d) not usually required but good practice especially if you're riding in winter remember to torque them up in a star pattern so it'll stay done up unlike what mine did... loose rear sprocket
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Grarea
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Re: Pretty sure this isn't right.

Post by Grarea on Sat 23 Sep 2017, 7:24 pm

Great stuff, thanks guys.
Don't be embarrassed teamster, it is a great, easy to follow 'how to' and much appreciated.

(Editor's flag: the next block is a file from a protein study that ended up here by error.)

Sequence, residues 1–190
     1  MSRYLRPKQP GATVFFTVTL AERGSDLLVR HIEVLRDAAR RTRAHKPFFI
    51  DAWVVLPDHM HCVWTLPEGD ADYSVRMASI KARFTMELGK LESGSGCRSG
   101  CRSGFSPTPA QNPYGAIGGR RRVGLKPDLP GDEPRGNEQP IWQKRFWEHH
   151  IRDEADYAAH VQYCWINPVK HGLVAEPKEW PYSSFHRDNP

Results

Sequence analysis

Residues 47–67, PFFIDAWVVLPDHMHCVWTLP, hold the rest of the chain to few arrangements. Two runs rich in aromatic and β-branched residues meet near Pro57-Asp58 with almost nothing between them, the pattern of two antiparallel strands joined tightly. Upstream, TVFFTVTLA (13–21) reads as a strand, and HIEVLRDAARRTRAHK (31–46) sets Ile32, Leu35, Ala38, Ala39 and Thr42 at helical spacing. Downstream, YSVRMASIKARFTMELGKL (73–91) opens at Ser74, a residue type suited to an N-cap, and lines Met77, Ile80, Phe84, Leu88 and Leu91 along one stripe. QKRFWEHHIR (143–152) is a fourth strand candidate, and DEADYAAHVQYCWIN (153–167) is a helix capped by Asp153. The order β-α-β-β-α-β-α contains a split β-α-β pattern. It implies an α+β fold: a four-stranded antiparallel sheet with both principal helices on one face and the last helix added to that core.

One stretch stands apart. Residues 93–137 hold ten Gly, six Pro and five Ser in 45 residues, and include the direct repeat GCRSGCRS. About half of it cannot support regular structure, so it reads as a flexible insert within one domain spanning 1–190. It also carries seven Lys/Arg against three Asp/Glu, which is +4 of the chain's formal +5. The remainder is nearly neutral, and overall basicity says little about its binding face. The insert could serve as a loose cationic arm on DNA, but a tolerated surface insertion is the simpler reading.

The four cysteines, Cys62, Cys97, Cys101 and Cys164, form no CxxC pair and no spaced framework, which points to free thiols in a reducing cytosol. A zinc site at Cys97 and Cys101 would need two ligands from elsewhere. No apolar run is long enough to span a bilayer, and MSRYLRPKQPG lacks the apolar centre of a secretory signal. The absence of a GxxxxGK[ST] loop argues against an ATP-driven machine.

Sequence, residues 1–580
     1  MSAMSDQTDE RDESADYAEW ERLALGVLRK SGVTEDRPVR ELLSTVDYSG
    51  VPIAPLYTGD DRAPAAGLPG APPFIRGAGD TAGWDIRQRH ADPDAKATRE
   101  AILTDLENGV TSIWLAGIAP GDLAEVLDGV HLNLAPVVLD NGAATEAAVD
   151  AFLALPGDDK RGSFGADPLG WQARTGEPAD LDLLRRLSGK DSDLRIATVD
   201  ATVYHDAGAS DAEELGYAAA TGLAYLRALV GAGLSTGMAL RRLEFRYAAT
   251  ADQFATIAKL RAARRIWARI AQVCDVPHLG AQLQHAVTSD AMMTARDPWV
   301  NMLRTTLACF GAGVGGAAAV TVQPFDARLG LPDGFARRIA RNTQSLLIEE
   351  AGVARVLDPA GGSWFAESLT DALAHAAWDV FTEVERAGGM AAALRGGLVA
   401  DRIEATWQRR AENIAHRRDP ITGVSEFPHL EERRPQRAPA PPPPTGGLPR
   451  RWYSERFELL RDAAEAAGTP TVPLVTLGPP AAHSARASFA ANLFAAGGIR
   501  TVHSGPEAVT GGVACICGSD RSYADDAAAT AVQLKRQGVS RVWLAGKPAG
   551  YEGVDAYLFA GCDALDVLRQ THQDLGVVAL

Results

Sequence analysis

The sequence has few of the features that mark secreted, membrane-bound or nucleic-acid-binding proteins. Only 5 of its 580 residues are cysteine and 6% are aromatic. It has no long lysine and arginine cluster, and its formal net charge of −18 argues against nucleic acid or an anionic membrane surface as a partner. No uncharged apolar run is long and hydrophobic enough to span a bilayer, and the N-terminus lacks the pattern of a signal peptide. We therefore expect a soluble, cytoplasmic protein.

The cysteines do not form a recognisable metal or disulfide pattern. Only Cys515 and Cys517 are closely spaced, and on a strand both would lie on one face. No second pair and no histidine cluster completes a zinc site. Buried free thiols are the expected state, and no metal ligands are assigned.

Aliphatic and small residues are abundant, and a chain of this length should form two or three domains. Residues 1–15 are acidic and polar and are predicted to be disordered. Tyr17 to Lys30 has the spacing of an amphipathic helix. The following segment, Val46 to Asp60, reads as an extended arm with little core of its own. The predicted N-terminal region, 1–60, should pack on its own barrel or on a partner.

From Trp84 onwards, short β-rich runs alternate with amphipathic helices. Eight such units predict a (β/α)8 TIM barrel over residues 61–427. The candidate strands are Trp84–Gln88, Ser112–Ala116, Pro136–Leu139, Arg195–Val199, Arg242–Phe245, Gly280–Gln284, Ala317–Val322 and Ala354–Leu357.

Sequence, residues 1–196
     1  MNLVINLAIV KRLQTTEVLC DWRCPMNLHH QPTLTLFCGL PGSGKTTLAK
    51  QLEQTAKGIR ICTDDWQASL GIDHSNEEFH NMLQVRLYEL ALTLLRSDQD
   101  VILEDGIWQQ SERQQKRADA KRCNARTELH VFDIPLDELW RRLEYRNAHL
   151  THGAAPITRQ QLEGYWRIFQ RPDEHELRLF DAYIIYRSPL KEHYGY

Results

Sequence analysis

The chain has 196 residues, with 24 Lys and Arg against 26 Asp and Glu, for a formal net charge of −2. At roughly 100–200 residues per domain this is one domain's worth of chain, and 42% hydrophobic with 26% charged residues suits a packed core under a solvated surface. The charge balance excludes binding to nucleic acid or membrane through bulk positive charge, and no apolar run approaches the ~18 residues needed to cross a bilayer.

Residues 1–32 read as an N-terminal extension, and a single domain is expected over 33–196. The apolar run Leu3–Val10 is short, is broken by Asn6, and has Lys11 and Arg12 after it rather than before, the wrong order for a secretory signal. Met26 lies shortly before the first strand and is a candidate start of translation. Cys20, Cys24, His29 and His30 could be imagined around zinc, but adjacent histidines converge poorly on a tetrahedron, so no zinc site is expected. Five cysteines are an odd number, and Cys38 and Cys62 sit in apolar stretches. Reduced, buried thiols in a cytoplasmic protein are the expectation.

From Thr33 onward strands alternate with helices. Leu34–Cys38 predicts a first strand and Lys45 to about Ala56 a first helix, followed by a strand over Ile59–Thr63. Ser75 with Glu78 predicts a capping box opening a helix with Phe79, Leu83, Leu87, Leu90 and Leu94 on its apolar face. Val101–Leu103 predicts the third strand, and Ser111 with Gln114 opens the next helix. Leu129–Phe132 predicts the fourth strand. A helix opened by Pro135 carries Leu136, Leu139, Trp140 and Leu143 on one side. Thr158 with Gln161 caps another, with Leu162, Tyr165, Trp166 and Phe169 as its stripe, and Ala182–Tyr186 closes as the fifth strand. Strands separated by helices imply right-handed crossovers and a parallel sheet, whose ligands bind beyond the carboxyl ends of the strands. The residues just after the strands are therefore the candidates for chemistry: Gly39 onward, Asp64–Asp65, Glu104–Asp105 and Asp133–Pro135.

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Grarea
Mothra the Radioactive
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Re: Pretty sure this isn't right.

Post by Grarea on Sun 24 Sep 2017, 4:45 pm

Re the front sprocket thing, Delboy (about 4m 20s on)
https://www.youtube.com/watch?v=6Yj4sKsguvU&t=3s

Reckons that JT have made the front sprockets harder wearing now.
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Grarea
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Re: Pretty sure this isn't right.

Post by Grarea on Wed 29 Nov 2017, 3:30 pm

Just a quick update on this.
I got the DID stuff.

I went down one tooth on the front.
The gears all make that much more sense now, I am dead pleased with it.

It might be because the power is down from when it was new that it works better slightly lower geared.
Dunno.